It’s definitely fun watching two sexy booth babes unveil a new supercar at an auto show. Acura definitely seems to have a winner with the updated version of their NSX Concept, this time having the interior ready as well for journalists to inspect. You can check out this NSX Concept gallery along with a video of the car, and then read up on some of the interior features here.
This concept vehicle definitely lives up to the supercar standards set by Acura with the first NSX. This vehicle is striking from every angle and definitely generated plenty of buzz.
The Frankfurt Motor Show is huge, with countless exhibit halls filled with new cars and concept vehicles. Lamborghini had one of the smaller exhibits, but they got plenty of attention a red Lamborghini Gallardo LP570-4 Super Trofeo Stradale that they unveiled at the show along with two beautiful Aventadors in white and metallic gray.
The beautiful Amber takes on the Nissan Juke in an agility contest. That’s right, they found a reason to have a hot model in a bikini run around next to the Juke. Kudos!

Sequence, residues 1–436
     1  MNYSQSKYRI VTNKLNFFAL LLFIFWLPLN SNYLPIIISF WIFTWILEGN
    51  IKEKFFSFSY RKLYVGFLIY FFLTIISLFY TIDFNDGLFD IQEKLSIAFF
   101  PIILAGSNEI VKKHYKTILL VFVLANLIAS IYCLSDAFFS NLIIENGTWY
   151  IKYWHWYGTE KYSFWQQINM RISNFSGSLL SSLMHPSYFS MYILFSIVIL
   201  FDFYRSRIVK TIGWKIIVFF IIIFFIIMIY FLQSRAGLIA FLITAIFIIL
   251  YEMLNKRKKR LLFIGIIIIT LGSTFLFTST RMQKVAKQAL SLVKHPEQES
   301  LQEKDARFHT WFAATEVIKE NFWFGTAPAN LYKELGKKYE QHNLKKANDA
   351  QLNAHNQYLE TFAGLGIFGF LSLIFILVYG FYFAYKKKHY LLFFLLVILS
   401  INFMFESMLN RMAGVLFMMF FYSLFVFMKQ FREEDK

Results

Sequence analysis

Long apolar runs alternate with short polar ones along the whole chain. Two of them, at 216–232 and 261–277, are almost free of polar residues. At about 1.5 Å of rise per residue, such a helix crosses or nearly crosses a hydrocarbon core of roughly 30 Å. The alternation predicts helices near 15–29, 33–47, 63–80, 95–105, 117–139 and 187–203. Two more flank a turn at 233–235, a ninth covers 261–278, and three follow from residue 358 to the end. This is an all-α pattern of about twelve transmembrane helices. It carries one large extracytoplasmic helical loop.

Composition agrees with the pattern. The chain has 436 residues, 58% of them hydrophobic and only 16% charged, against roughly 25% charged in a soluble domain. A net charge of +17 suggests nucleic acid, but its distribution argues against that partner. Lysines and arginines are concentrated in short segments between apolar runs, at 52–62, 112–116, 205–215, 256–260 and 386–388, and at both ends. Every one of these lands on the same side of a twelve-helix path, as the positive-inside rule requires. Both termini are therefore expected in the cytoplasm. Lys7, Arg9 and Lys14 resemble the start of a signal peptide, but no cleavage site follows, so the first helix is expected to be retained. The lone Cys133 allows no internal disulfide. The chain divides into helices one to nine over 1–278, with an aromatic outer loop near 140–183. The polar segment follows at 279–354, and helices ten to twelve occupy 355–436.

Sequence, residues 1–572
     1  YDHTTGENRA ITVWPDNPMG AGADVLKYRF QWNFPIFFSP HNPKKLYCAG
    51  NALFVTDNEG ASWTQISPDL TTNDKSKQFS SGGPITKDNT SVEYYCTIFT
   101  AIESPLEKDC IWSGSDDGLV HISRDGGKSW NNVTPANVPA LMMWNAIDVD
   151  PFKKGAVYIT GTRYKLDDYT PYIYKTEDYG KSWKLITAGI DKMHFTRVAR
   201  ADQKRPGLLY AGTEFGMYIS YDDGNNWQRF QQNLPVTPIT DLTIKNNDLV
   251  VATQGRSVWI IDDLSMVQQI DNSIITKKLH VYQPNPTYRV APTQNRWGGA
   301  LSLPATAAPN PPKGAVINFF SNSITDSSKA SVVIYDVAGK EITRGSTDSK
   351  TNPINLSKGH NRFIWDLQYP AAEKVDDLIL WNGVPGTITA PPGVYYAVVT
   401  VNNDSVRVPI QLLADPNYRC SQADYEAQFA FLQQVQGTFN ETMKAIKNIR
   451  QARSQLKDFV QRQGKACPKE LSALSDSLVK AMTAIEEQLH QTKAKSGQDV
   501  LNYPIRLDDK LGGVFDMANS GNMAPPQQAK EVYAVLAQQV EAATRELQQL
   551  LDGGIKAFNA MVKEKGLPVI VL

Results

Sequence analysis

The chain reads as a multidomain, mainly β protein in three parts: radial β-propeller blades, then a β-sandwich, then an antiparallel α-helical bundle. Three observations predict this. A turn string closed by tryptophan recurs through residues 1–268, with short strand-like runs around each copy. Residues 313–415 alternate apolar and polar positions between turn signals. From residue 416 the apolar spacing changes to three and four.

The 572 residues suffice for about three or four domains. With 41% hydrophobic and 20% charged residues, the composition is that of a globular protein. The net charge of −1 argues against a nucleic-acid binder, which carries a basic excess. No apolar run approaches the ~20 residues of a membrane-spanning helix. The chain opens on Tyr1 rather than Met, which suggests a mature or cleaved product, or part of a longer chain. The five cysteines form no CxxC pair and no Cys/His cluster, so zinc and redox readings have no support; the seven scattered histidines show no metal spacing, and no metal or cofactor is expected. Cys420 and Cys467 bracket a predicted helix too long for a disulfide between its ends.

It’s all part of a model search contest for the 2011 SI Swimsuit Issue. Nissan partnered with Sports Illustrated to launch the “Model Search” contest to put the spotlight on 8 beautiful up-and-coming models from around the globe, each vying for one spot in next year’s issue. Check back as we post more videos! No model has ever been guaranteed a spot in the issue, until now. From 2/15/11- 3/9/11, consumers will cast their votes to determine which model will become the next SI Swimsuit Issue model by going to here.
Today’s treat is a cool photo of a cute redhead posing next to an old Volkswagen Beetle. Usually you see how babes posing next to sports cars, but we found this photo in a cool gallery of sexy girls and old cars.
We know that thousands of Americans are taking advantage of the Cash for Clunkers program, so the program is helping to drive auto sales and stimulate the economy. In case you haven’t noticed, we can use some stimulation.
Beyond that, however, it turns out that the program is even more successful than originally thought when it comes to replacing gas guzzlers with fuel efficient cars.